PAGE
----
but bring your petitions and your praises to God in prayer
and Christ will displace the sense of worry at the centre of your life
with his enduring peace.

So may the peace of the Lord be with you:
and also with you.

*the peace is shared*

The Benediction (based loosely on the Gospel reading):
The coming of Christ turns the world upside down:
despair into hopefulness,
sorrow into singing,
fear into peace.
Come into our lives, Lord Jesus,
that our honesty, integrity, justice and mercy

may proclaim Your goodness
more powerfully than our lips and upraised arms do.
Amen.

Perfect peace

One of the things that I love most about Scripture is how you can thumb past a passage time and time again without it having any real connection until, WHAM!, one day when you are in a particular spiritual space, it suddenly comes into focus.

This morning, the few lines of Psalm 131 had a significant effect upon me:

My heart is not proud, O Lord,
my eyes are not haughty;
I do not concern myself with great matters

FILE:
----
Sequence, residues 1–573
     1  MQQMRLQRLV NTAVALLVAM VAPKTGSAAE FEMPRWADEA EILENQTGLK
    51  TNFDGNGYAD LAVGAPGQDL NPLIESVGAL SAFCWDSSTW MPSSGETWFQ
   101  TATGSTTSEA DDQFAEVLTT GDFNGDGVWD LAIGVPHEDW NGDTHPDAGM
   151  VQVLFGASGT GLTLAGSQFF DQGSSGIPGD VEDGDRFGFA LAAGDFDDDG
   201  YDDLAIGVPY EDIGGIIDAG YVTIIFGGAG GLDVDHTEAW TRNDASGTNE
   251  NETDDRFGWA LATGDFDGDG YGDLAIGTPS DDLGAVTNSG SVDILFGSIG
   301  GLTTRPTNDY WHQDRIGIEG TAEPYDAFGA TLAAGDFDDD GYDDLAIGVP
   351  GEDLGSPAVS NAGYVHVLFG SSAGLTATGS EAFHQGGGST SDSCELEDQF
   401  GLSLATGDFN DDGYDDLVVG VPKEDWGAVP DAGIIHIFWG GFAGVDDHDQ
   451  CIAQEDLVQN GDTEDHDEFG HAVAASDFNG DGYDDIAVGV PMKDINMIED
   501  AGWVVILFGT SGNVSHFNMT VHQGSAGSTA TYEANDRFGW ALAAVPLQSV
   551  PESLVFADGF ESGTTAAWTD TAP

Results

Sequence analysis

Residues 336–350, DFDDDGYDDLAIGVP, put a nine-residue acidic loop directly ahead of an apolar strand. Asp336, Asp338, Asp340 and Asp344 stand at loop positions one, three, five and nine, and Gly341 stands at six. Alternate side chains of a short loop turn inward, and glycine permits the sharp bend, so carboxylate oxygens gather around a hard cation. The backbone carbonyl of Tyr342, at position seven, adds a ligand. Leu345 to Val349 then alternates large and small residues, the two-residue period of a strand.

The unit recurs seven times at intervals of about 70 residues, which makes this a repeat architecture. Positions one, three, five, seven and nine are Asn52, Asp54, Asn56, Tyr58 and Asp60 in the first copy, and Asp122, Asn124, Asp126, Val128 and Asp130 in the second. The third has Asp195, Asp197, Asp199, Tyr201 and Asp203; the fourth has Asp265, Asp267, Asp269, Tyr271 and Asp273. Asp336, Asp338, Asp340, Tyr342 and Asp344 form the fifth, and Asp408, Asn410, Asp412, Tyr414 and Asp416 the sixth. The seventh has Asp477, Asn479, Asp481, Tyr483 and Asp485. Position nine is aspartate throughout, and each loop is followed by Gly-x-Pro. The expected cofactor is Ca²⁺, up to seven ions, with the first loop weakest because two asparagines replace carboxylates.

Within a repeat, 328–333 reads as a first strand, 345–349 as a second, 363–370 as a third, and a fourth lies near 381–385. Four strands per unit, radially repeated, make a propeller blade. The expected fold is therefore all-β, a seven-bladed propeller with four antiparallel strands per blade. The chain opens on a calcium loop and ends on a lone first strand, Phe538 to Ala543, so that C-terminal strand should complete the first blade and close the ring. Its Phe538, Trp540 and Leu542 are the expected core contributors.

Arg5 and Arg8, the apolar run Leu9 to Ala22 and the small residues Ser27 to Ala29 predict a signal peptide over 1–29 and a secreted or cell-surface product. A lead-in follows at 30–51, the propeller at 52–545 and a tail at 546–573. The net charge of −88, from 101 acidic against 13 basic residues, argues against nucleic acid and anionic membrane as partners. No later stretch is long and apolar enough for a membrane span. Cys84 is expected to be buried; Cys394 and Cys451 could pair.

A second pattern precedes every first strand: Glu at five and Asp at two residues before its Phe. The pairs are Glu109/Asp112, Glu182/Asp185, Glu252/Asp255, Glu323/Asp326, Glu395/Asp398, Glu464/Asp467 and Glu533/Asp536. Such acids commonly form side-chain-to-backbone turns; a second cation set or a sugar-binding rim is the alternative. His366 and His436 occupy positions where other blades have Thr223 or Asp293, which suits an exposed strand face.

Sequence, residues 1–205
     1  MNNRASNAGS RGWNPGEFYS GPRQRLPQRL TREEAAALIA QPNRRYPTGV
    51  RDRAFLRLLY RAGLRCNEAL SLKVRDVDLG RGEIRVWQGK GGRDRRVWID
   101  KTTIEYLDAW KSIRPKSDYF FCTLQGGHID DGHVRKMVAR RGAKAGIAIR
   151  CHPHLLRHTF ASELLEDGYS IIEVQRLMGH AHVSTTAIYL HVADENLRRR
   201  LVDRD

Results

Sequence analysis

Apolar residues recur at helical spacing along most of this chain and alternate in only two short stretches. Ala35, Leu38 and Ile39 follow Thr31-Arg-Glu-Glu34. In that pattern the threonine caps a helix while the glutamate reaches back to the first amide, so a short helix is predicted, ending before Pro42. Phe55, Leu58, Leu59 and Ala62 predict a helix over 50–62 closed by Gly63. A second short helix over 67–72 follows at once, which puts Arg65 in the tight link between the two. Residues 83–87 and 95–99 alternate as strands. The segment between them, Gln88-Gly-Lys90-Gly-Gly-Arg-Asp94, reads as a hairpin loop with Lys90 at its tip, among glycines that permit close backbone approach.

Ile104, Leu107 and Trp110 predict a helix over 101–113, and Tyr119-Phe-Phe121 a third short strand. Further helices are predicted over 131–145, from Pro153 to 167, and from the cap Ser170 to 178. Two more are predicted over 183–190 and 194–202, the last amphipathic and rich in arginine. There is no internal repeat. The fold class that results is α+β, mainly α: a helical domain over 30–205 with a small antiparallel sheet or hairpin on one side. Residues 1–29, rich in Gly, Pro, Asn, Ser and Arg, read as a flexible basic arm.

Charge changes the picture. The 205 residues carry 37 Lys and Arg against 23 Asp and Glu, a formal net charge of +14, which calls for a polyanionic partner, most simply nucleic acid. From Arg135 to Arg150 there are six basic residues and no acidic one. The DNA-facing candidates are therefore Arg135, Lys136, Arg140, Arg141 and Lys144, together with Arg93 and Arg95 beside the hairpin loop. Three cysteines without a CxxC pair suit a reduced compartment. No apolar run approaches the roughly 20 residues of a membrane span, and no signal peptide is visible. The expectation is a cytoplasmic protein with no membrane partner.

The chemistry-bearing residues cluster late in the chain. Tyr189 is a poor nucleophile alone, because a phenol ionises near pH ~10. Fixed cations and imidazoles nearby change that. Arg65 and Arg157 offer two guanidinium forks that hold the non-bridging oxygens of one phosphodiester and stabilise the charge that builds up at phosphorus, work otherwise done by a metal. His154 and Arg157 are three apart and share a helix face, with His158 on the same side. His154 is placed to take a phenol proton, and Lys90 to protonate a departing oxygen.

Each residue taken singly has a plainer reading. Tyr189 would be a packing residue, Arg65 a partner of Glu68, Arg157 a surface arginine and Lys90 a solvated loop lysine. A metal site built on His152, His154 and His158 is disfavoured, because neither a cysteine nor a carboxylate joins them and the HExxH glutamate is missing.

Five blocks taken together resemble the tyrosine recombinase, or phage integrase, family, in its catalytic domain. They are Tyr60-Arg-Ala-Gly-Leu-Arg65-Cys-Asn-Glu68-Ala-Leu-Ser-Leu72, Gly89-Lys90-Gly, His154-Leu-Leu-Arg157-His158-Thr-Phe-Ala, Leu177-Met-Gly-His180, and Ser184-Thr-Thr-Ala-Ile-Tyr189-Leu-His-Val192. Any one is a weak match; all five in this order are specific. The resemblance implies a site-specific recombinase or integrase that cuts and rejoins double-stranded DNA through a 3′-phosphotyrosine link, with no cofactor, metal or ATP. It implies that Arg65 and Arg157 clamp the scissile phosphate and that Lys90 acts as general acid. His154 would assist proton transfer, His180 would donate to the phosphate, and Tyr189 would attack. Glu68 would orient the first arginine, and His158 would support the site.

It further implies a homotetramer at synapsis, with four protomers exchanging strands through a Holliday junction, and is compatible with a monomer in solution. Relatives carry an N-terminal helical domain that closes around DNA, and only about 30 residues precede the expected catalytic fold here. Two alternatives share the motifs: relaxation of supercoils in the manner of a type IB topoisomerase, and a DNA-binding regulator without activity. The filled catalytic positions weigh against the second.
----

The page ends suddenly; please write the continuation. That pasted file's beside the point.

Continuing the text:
or things too wonderful for me.
But I have stilled and quite my soul;
like a weaned child with its mother,
like a weaned child is my soul within me.
O Israel, put your hope in the Lord
both now and forevermore.

O Abba,
I confess that my heart has been proud:

full of selfish desire and ambition,
of secret wants and dreams;
I’ve been patting myself on the back
and holding my chin up high
in defiance of those who have neither seen nor affirmed me.

O Abba,
I confess that my eyes have been haughty:

that I have looked down on
~ those less educated,
~ those less articulate,
~ those less spiritual,
~ those less self-sacrificing,
in denial of my own inner poverty.

O Abba,
I confess that I have reached for things beyond me:
~ wisdom beyond my years,
~ position beyond my station,
~ meaning beyond my calling;
~ priorities beyond what truly gives me life
out of envy for what I could be missing out on.

Forgive me.

Still my soul.

Quiet my restless.

Tame my thoughts.

Curtail my desire to rush after that which will harm me.

Let me settle into Your motherly arms.
Let me enjoy being rocked back and forth to a place of calm.
Let the lullaby of Your love
affirm my belonging, my security,
and drive away my doubts and uncertainties.

And as my eyes grow heavy,
and my heart grows full of You,
and my head falls in perfect peace against Your chest
to better hear Your heartbeat,
fill my dreams with the hope
~ of home,
      and an eternity with You
         in such unbridled intimacy.